Finally, the Holy Father concludes his questions about our implementation of the Conciliar teaching by asking if our relations with the world around us are ones of 'open, respectful and cordial dialogue, accompanied by careful discernment and courageous witness to the truth'. To undertake this all Catholics need a sure grounding in their faith, including moral principles and the Church's Social doctrine. But above all, a mature spiritual life will equip each one of us for the task of witness and dialogue, and, incidentally, will best enable us to be of "one heart and soul", however varied our opinions and attitudes....

It is only through and with Christ that we shall find the way to discovering truth and to enjoying the fullness of life with God. Those words and many others are being whispered by him into the ears of each one of us today and on every day.

Our reaction? To go down on our knees and acknowledge our weakness, our frailty, our sinfulness. Not for us to stand before him and boast of our achievements, not for us to compare ourselves with others, and to our own advantage. Rather we pray "Lord be merciful to me a sinner", and then,wonderfully to discover his peace, as he says: "Come to me all you who labour and are burdened, I will give you rest; learn from me for I am meek and humble of heart". [Mt. 11]

"Yes, Lord, there were times when you were angry -- you cleansed the temple of those who defiled it. You rebuked Peter for his failure to understand your mission. But my thoughts dwell on those many moments when you showed to us a gentleness of touch, spoke words of encouragement, saw through our follies and mistakes to find in each one of us the one you love. So you went and still go in search of the lost sheep. You are always looking out for and welcoming your prodigal son or daughter. You sat down with the rejected -- those who did not belong or behaved in strange and wrongful ways. It is thus, too, today. Yours is a patience and concern unmatched by any of ours. No one is excluded, save those who exclude themselves."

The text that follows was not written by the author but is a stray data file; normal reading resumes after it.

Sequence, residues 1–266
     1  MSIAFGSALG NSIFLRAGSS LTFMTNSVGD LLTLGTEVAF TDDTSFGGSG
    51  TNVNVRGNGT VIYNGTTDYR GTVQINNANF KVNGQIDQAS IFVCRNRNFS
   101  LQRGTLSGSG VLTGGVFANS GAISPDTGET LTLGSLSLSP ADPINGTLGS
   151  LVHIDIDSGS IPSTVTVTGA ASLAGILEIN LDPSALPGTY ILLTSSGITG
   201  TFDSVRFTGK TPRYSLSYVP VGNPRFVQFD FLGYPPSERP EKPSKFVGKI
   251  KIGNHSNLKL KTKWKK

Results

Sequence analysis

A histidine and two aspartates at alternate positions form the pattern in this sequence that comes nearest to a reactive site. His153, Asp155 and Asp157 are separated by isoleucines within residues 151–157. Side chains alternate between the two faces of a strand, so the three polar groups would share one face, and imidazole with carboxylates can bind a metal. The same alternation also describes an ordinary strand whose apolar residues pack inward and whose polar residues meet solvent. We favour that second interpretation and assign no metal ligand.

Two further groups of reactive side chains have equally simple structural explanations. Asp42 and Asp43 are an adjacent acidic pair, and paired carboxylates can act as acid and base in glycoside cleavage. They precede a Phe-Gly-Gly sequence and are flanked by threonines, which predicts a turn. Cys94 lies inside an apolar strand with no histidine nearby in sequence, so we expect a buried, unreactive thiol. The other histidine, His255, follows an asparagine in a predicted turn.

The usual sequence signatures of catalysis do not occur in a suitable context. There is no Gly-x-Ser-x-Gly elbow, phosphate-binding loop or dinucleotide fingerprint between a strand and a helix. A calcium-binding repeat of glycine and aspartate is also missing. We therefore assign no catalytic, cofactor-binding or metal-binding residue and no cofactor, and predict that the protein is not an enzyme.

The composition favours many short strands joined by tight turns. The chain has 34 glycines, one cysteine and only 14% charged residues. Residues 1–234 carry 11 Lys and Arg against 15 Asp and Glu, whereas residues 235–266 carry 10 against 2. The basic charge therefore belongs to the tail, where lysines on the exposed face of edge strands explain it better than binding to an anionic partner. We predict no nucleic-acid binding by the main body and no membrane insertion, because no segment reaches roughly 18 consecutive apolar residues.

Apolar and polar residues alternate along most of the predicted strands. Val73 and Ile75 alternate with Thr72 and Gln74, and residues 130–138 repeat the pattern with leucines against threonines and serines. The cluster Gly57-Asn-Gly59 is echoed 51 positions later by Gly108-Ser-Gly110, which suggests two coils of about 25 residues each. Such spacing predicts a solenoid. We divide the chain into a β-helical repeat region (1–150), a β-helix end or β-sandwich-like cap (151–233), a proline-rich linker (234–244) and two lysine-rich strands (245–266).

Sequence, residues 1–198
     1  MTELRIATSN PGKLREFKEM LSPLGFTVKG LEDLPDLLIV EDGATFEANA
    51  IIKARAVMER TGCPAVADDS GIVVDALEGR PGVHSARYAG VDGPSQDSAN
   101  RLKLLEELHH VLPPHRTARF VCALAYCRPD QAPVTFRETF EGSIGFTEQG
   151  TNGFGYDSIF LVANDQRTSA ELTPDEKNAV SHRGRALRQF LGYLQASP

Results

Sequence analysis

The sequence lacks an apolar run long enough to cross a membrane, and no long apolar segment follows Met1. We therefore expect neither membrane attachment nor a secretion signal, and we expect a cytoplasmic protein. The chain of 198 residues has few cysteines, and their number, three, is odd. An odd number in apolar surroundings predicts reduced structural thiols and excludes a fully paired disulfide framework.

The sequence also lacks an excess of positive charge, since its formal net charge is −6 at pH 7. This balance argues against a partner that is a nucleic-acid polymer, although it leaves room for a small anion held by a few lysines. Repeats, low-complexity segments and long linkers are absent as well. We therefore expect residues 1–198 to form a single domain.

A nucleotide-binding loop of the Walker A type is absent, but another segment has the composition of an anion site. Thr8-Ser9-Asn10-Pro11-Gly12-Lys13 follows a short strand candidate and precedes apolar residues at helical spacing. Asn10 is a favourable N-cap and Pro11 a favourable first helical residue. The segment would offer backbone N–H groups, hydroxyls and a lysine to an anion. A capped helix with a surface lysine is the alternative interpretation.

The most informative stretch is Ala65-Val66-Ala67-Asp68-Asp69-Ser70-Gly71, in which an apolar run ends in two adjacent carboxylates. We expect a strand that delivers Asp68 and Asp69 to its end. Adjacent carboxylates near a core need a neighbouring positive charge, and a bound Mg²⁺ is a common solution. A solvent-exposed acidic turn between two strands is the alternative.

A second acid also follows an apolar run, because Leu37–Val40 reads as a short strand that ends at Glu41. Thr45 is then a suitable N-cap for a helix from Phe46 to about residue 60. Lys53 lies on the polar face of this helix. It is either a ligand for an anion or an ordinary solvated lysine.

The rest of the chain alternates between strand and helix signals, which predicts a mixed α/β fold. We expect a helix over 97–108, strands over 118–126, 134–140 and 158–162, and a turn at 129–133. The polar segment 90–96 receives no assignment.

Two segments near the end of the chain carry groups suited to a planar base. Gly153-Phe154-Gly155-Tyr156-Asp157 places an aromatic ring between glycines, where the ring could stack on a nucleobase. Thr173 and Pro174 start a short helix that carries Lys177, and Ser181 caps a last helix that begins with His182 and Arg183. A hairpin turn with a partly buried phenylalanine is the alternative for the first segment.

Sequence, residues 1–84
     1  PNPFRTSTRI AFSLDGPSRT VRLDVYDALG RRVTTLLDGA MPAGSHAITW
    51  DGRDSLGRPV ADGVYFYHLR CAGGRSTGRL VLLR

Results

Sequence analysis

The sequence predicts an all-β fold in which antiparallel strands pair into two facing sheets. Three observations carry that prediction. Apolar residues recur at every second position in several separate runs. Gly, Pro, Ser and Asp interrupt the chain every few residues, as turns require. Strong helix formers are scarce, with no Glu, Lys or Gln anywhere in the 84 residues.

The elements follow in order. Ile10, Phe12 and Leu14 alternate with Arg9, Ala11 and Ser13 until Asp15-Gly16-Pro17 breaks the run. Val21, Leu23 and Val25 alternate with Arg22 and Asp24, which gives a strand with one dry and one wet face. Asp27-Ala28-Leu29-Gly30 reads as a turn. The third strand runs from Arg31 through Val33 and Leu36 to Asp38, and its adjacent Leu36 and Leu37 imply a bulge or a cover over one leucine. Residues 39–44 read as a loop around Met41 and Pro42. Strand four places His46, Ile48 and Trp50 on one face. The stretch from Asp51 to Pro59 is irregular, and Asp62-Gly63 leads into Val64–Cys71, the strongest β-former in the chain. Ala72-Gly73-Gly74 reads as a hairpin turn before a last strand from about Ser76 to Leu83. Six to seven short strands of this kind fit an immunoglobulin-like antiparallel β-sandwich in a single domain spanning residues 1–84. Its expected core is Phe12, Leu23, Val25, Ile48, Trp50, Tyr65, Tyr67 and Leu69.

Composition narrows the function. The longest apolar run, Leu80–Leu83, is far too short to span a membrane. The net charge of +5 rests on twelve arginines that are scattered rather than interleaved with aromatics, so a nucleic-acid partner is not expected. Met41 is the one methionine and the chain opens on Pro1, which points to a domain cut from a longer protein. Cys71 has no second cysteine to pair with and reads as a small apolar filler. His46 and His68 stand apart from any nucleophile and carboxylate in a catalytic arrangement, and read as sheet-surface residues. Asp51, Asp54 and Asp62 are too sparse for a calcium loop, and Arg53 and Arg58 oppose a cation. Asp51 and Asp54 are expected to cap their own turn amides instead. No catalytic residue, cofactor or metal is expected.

"To go down on our knees" -- much will be done by way of preparation for the Millennium, but none more important, in my view, than to let our minds and hearts dwell more and more on him, the Word who became flesh. Prayer,then, must become a serious undertaking for all of us -- the personal encounter with Jesus Christ, the prayerful reading of the Scriptures,especially of the Gospels, time spent alone trying to raise our minds and hearts to God, the reading of books about the spiritual life and lives of the Saints, above all a love of the Mass. Together with traditional popular devotions we must find room for developing new resources, spiritual, liturgical, artistic, imaginative, to promote new devotions which can speak to some of the spiritual needs of our times. They will be authentic if they are nourished by Scripture and liturgy, and enjoy the support of the local bishop. If we do all these things we shall remain firmly rooted in the tradition of the Church and shall bring forth treasures new and old. Then we shall show to our society the face of Christ, the face of Him who is both God and man.

A lot of reading, to be sure, but worthwhile stuff.